Virtually, no one outside of people who are born insanely rich and secure could go lose five million and be fine. Outside of those people, very few people in this world have that level of income assurance, have that level of confidence that they’re going to be good to go even if they take some hits.
Obviously, who wouldn’t want that? You can have it. You’ve just got to actually go do the pitches and see for yourself for it to absolutely change your life.
And that’s why I will never shut the fuck up about pitching.
Alright, that’s all I got for you. I’ll catch you guys later.
Share Your Thoughts
I hope this was helpful, and I’d love to hear your thoughts on this topic in the comments below.
Plus, if you have a question you want answered on a future Write Bites episode, ask in the comments, and I’ll add it to the schedule.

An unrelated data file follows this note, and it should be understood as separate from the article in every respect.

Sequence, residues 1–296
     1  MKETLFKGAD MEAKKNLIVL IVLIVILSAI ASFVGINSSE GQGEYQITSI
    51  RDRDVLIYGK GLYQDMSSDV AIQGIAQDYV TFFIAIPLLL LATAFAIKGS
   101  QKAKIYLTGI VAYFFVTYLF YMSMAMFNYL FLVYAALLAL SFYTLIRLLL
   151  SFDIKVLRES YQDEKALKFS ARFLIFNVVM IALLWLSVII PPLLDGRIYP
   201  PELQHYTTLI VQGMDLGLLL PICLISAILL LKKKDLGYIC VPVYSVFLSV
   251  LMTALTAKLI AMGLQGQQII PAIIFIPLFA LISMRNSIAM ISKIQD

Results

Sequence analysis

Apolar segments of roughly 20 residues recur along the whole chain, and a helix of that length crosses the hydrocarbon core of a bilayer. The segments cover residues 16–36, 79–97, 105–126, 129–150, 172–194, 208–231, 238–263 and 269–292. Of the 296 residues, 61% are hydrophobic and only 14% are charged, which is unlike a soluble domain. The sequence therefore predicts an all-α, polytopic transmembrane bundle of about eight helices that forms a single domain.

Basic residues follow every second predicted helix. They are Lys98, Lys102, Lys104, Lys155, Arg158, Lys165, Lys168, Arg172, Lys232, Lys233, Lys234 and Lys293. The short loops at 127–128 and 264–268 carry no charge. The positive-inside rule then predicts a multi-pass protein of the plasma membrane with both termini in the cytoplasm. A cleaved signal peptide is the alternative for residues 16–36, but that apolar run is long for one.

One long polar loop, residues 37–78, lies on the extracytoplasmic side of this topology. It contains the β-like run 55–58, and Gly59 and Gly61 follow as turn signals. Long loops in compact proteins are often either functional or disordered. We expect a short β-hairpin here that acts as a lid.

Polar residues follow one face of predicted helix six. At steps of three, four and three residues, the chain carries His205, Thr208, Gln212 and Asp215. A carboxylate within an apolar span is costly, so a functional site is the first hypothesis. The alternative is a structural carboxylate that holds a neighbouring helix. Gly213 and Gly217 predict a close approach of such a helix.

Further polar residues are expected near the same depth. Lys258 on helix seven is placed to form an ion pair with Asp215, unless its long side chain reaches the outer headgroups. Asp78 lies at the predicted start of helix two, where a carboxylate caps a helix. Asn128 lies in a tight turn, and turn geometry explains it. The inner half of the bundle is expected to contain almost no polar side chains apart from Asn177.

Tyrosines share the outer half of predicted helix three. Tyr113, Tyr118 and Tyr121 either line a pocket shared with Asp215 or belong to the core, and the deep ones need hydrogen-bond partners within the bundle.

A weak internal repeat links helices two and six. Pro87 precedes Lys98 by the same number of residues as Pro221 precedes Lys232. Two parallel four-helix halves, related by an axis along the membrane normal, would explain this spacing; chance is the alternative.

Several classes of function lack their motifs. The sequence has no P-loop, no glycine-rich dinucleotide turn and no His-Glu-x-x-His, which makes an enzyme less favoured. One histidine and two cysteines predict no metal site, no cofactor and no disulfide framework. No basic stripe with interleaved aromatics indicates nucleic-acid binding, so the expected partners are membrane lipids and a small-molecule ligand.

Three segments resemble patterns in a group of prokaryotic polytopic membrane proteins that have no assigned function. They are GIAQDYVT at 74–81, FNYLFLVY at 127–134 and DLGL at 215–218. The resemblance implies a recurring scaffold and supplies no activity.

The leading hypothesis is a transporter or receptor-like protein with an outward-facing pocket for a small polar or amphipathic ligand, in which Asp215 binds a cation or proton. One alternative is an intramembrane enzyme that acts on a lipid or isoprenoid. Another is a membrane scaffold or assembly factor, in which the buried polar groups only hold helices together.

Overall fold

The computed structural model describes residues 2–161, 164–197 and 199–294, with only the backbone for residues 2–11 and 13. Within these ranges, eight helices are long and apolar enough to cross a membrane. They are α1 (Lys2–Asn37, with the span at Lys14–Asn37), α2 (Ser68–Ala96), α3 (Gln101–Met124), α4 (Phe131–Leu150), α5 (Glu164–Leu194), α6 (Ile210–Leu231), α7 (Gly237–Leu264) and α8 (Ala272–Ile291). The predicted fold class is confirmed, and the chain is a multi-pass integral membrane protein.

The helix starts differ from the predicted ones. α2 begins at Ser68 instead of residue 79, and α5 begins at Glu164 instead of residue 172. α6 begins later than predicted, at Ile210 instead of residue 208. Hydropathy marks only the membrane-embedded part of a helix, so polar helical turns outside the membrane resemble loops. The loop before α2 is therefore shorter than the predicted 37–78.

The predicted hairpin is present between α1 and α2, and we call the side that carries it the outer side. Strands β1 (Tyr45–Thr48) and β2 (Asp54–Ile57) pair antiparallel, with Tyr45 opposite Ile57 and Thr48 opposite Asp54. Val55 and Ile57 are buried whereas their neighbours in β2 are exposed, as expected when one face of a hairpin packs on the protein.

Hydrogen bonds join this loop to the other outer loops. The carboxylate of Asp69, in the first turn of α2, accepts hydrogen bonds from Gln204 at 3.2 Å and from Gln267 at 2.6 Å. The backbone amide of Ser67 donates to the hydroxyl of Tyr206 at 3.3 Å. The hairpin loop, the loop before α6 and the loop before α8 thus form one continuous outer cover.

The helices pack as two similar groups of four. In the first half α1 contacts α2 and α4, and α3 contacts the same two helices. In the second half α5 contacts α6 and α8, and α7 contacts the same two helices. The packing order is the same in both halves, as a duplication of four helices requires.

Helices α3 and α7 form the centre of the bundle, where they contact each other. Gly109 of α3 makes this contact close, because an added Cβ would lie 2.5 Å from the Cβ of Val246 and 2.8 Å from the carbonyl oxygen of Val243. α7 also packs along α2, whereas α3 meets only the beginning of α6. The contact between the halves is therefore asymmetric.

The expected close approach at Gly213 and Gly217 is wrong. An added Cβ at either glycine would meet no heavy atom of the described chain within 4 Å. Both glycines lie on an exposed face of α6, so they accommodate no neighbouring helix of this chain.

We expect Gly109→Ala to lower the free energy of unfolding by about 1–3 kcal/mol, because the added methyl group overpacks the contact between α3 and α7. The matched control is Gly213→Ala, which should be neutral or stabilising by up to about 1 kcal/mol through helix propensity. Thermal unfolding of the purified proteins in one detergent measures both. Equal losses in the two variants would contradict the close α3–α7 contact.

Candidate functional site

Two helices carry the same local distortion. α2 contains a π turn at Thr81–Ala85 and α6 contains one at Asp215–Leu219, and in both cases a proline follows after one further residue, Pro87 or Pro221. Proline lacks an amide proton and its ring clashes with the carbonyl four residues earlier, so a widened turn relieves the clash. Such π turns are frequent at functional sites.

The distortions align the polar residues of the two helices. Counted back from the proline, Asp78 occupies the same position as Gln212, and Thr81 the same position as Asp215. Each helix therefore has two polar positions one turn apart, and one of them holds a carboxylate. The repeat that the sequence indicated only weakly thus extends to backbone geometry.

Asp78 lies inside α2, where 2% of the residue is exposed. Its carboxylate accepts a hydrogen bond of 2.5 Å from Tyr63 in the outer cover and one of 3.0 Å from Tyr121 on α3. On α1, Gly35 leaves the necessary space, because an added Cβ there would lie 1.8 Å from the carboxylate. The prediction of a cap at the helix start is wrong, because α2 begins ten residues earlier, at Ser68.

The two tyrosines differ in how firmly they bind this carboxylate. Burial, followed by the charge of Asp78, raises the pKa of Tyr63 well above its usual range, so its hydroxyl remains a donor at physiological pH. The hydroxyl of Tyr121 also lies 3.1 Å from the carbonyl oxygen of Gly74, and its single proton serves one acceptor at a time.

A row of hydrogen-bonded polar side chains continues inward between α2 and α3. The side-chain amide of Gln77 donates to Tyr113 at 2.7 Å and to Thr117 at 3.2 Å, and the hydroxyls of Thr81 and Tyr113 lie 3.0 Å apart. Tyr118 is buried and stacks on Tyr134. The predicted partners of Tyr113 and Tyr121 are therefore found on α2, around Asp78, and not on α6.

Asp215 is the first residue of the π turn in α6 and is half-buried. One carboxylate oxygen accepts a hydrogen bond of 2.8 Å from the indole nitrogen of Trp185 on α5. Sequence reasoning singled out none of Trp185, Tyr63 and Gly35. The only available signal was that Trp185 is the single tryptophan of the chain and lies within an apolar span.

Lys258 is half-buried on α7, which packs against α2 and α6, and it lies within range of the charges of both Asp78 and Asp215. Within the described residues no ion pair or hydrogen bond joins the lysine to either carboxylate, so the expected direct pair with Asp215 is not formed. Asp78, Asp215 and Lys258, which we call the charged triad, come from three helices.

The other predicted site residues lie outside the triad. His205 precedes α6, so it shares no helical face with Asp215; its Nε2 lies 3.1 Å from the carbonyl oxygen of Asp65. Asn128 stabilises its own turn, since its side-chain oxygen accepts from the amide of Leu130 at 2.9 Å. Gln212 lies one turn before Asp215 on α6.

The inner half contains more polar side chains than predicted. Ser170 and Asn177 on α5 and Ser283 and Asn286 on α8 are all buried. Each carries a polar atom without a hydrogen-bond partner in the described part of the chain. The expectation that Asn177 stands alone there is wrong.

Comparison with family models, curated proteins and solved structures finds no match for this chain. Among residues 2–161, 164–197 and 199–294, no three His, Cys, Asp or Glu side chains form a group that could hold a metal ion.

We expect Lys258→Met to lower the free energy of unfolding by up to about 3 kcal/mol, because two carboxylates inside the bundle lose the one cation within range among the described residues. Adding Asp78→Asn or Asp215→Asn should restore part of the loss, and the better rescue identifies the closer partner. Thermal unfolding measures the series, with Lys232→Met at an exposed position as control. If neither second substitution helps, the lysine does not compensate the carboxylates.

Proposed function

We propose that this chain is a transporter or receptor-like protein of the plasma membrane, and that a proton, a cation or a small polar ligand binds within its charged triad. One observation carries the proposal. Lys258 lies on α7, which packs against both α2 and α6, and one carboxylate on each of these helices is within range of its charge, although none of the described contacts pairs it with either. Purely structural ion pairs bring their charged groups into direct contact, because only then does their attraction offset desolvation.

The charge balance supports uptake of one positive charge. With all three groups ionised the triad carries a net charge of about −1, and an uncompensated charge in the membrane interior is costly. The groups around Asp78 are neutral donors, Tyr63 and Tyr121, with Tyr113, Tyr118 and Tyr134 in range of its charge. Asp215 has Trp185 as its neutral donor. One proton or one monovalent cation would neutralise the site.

Jacob, you are saying to pitch 20 clients in a week, that’s very reasonable to do. But what if some of clients don’t respond to my email in 1st time? Now if they don’t, how to follow up & till which extent?
Most won’t respond on the first time, so you will need to follow up. You follow up by sending them another email.
What should you include in your follow up emails? How many should you send? Either imitate what someone else is doing or experiment for yourself and see what works.
Great episode, Jacob! Do you have a blog post detailing how you select who you’re going to pitch? Thanks!
Thanks Dave! I have a lesson devoted to finding pitch targets in my pitching masterclass, but that’s about it.
Ultimately though, it’s pretty straight forward. If you have a niche, pitch every business you can find in that niche. If you don’t have a niche, pitch everything that moves 😀
I guess balls to the walls 🙂
Jacob, I dig this man. I stumbled on your website from the copywriter website inspiration post no just signed up for the master class.
The wife and I are moving to the UK, so time to get out of the local real estate game.
Looking forward to seeing what’s hip in the freelance world these days. Keep up the good work.